She's received such a torrent of criticism in the past two weeks by feminist bloggers and academics (see Uma's post) that I'm not really sure I should get into this at all. But I do consider myself a "male feminist" -- though I am sure the jury is out as to whether I (or my feminism) is "necessary."
But here's what I like about Dowd's approach in Are Men Necessary?, beginning with the excerpt at the NYT Magazine, and continuing with her interview on NPR's Fresh Air this past Wednesday.
Her main goal, it seems to me, is to restart a national (even international) conversation about gender relations, careers, dating, and families that has kind of slipped away a little bit in the mainstream media in recent years. Many of the classic problems facing women balancing careers and families in the 1960s and 70s are still there. It used to be a manichean choice -- kids or career -- and while there's less 'tsk tsk' applied to working mothers these days, I gather from friends and colleagues who have kids that it's still quite hard to do as a practical matter.
We may not all agree on the answers to those problems, and we may never agree. (And that may be just fine: these days it seems to me important to respect individual choices on many matters, rather than to prescribe directives that everyone must adhere to, to be feminism-approved.) But whether or not we can actually solve anything, I think we still need to 'go there'.
So as far as encouraging frank discussion, Dowd succeeds. People may quibble with her questionable personal anecdotes (i.e., her own single status), her glamorous upper-crusty life ("gold-lamé gowns cut along the bias"), and some of her data. But if her point is to remind people that the work of feminism isn't over, are we really saying we disagree with that? And while Dowd is generally dismissive of third-wave feminism or postfeminism, her approach is different from classic, second-wave feminism in that it encourages us to address the problems in the context of today's social and economic realities, not some idealized socialist Herland. In that context, anecdotes about dating etiquette, shopping, and so on are in fact pretty relevant.
"The personal is not always political": people say that a lot nowadays, and I tend to agree (I came across it most recently in Azar Nafisi's Reading Lolita in Tehran, where it is part of Nafisi's compelling argument against the "politicization of everything" during and after the Iranian revolution). I don't find it useful in my day-to-day life to discuss personal choices -- such as friends who've decided to take a little time off for kids -- in terms of broad ideologies that few women or men can live up to. But I believe we need to continue to approach those choices (and relations between men and women in general), if not with rigid doctrines, at least with an interest in fairness and respect -- to always question whether or not we are doing it right, and whether it might not be possible to do some things better.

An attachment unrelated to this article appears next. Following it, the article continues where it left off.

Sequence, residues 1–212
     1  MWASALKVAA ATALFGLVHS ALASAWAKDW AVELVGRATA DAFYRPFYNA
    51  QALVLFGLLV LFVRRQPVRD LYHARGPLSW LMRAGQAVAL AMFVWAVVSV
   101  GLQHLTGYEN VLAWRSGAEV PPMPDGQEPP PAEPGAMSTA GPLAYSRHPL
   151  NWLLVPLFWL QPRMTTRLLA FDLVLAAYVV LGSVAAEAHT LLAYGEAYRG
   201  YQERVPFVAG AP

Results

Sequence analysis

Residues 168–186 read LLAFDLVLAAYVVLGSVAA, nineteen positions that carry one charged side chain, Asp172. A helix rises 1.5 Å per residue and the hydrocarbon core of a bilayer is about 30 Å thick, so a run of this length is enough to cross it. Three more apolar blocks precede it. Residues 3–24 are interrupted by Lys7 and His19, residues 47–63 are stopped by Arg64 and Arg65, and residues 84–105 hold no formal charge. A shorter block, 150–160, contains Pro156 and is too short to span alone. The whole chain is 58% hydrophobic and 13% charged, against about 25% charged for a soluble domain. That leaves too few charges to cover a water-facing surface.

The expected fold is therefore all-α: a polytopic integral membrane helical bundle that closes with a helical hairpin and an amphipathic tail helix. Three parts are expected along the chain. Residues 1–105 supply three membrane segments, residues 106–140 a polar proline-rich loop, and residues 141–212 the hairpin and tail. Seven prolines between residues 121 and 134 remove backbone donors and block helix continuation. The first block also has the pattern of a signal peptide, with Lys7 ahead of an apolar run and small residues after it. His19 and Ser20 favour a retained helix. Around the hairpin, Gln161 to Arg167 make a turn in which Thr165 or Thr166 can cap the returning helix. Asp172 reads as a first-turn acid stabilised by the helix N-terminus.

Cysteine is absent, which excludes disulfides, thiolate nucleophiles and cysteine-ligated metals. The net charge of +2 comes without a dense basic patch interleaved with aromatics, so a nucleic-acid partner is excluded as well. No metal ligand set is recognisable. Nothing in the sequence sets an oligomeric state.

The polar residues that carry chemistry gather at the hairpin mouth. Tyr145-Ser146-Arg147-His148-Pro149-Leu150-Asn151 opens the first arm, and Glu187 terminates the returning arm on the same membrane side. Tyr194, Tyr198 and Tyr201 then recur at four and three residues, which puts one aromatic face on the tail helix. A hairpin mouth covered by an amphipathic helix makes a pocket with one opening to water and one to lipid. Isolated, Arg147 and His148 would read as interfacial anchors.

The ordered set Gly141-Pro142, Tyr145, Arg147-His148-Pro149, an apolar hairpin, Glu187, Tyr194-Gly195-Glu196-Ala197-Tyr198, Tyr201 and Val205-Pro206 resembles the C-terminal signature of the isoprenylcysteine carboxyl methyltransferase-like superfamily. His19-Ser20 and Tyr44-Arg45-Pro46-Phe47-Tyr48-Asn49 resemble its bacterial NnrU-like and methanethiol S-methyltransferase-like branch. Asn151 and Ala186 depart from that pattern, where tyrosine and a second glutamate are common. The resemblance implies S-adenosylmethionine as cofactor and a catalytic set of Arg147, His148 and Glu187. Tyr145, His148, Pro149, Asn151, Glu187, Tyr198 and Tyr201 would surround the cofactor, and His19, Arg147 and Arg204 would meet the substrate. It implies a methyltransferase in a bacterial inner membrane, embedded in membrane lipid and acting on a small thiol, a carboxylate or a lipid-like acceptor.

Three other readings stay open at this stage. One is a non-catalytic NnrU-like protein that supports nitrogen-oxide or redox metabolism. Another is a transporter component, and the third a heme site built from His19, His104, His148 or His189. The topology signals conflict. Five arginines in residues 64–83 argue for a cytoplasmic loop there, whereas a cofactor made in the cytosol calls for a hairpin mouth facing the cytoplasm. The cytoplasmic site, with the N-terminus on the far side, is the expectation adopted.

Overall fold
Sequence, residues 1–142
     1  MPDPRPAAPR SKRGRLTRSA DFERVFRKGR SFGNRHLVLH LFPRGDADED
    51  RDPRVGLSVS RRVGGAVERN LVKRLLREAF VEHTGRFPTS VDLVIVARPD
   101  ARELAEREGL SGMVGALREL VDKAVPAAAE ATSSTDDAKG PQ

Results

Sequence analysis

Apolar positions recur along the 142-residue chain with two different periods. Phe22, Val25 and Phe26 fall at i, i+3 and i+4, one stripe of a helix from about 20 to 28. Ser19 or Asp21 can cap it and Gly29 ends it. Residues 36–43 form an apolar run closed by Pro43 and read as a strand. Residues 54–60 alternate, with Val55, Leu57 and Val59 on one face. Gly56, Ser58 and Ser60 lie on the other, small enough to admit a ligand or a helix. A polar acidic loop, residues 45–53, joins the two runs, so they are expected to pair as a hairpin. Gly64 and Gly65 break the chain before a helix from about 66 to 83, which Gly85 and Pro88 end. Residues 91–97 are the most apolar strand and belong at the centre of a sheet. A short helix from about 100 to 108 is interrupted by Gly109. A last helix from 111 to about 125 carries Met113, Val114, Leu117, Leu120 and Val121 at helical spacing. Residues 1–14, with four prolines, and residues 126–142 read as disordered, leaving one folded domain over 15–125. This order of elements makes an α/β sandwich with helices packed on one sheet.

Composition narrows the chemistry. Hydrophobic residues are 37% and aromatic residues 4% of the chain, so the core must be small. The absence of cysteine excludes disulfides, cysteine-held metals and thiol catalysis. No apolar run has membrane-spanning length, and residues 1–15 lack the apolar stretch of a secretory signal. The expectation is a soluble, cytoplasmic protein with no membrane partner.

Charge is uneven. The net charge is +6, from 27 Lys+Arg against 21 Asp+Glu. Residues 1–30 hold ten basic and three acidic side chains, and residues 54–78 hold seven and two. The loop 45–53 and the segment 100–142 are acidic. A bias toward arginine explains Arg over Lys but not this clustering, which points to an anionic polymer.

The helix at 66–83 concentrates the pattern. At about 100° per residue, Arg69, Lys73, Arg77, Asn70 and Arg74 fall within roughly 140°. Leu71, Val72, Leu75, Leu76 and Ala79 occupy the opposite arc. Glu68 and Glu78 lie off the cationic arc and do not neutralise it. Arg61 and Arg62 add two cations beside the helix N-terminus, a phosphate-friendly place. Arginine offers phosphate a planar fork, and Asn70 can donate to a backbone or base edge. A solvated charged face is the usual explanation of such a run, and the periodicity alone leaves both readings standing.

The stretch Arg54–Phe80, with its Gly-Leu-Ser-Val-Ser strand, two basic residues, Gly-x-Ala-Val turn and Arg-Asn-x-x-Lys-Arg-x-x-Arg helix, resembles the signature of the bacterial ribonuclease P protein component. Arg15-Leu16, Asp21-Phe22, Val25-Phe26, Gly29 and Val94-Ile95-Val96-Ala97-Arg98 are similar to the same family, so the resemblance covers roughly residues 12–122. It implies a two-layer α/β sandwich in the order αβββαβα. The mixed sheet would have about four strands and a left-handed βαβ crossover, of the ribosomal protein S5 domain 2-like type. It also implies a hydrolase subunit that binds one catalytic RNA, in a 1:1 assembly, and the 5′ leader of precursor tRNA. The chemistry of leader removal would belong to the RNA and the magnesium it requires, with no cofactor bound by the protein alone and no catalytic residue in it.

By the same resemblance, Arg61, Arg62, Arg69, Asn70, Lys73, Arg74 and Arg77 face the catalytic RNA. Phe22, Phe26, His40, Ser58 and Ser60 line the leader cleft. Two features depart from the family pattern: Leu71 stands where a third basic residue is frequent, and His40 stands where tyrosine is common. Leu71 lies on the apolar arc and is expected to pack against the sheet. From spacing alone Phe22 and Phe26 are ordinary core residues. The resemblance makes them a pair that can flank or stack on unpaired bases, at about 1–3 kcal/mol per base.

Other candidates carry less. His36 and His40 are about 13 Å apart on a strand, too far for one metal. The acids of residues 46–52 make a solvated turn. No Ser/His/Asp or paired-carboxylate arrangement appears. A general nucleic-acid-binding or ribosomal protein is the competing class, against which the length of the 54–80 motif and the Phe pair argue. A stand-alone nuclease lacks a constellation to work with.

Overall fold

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As for some of the particular issues. One comes up in Uma's post itself. Uma quotes the following sentence, and describes it as "cringe-inducing":
"Little did I realize that the feminist revolution would have the unexpected consequence of intensifying the confusion between the sexes, leaving women in a tangle of dependence and independence as they entered the 21st century."
But wait, what's cringe-inducing about that? Isn't the confusion Dowd talks about real? She's not saying that she likes the confusion, or that she prefers a condition of inequality. But what I think her article points to again and again are the many situations that come up where "equality" isn't a sufficient term to describe the complex ways in which men and women find themselves playing different social roles. Those different roles, like the male and female roles in the Tango, are not in themselves inequalities, though they might come to seem that way if we adhered to them too rigidly or used them as stereotypes or formulas.
And Katie Roiphe's critique in Slate has moments where I flat-out disagree:
One of the failures of the feminist movement in the first place was a reliance on easy aphorisms, and the schematic worldview that such aphorisms implied. The famous line, "A woman needs a man like a fish needs a bicycle" did not prove to be a constructive or realistic contribution to the feminist cause. Replacing one set of rigid gender stereotypes with another did not allow women the full range of their desires and ended up sabotaging the movement. Dowd herself criticizes the feminists of the 1970s for imagining a sea of identical, sexless women in navy blazers descending on the workplace. Though she appears to be arguing for a new, more rigorous feminism, she is guilty of precisely the same intellectual fault—starting with the catchy, meaningless title of her book, Are Men Necessary?, Dowd's aphorisms, amusing and pithy in the morning paper along with a cup of coffee, are precisely what the conversation about sexual politics does not need.
First of all, why not breakfast? Why can't the conversation about sexual politics start with some light bon mots over coffee? Why does it always have to be heavy-duty sociology and outraged polemical tomes? I would certainly agree that a book like Dowd's isn't sufficient by itself, but then, I'm not sure whether any one book could be.
Secondly, I don't see Dowd presenting her book as a "new, more rigorous feminism" at all. If anything, she seems to punching holes in the illusion that the original goals of feminism have in fact been achieved. And while she does offer many aphorisms along the way, I don't think she would suggest that any of them can stand, by themselves, for thorough analysis. Aphorisms work best as triggers to get people thinking, not as independent arguments. But isn't it Dowd's goal to get people thinking?